Good Value Payoff
Davie was happy to show two very different blocks to illustrate his point. The first block was in the process of being actively harvested. “For this block, we wanted to leave some trees and we didn’t want the trees left standing to sustain any damage so we decided to use mechanized harvesting,” he explains while walking down a logging road with sorted logs piled up at roadside. “We go through this decision-making process on all of the blocks we harvest and we have enough systems available to us that we can make sure we utilize best practices at all times. That might mean hand felling, thinning or mechanized harvesting, or in the future, it could mean using a cable system or helicopter logging.”


A harvested block, Davie calls “a silviculture slum” is another area he likes to showcase. “This is a block of suppressed hemlock and fir and we are harvesting it and  re-establishing a healthy stand because it was poorly managed in the past,” he explains. “When we get good value from a well-managed higher value block like the first one we looked at, we are able to balance that off with a block such as this one and still remain profitable.”

It’s not just Davie and his foresters and engineers that give the SCCF high marks for its forest management techniques. The organization is required to have a Forest Investment Account (FIA) audit on a regular basis and in the latest visit from the independent auditors at Pricewaterhouse Coopers (PwC), the SCCF received 100% compliance for its FIA activities. “The people from PwC were diligent and they found that we were doing everything right, from record keeping and accounting to what we are doing in the field,” Davie says.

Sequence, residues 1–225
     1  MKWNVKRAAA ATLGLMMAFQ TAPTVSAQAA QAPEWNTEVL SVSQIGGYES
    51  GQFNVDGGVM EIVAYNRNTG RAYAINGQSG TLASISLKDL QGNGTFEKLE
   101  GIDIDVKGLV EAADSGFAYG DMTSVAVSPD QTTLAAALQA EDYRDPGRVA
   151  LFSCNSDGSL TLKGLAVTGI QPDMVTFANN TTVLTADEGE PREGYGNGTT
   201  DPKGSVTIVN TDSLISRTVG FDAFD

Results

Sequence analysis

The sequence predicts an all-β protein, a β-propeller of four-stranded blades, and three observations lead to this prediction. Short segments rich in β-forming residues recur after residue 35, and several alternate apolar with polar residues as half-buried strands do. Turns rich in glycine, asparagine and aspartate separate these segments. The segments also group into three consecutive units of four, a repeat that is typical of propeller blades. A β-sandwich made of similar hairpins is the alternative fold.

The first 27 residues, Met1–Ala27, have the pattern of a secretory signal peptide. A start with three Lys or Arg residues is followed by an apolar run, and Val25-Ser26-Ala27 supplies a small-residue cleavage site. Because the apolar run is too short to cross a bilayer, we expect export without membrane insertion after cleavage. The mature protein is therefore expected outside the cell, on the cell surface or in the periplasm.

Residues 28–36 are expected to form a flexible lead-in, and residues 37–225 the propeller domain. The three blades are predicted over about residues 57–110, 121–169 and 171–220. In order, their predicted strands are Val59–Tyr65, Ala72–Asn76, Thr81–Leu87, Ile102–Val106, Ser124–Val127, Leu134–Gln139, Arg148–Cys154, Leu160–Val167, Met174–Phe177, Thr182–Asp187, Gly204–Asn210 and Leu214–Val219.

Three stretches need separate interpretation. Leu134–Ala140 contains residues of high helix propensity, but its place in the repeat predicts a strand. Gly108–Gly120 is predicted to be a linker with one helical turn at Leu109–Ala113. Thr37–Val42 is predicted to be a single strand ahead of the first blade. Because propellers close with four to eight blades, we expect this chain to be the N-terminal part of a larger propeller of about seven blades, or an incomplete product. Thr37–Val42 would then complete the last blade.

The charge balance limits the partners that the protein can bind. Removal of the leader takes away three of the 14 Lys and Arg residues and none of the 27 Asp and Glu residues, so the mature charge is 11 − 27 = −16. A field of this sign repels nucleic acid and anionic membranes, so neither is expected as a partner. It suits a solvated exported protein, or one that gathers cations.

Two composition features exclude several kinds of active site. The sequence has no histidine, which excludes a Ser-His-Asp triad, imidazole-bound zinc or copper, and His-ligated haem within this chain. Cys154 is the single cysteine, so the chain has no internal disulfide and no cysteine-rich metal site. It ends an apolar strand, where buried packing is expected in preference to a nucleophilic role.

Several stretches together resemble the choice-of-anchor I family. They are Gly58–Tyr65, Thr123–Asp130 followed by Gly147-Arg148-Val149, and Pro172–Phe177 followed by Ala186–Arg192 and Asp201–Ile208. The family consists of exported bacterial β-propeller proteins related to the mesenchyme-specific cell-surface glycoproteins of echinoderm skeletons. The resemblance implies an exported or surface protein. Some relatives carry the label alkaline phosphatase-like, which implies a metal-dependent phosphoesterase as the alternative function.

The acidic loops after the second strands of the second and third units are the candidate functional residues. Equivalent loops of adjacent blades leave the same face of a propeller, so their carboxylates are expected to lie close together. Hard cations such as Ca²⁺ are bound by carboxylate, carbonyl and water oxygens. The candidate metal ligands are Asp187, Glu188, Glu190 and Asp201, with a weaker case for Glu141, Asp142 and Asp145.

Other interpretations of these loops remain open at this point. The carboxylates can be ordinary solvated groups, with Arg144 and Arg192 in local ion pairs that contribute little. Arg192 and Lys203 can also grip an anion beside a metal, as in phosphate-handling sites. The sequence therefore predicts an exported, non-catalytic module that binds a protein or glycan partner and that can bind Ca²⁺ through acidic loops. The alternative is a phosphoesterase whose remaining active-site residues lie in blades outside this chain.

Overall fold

In addition to answering to the auditors, Davie says they have a “very supportive” volunteer board of directors and Community Forest Advisory Committee that they also must work with closely. “Our Board of Directors and our Advisory Committee members are all volunteers and they all live in this area so they have a stake in what we do. Our advisory board meets monthly and we go to them often for input in our plans. We actually call our plan a ‘Community Forest Operating Plan’ and it covers much more than just harvesting. It is available on our website for anyone who wants to see it.”

The Right Contractors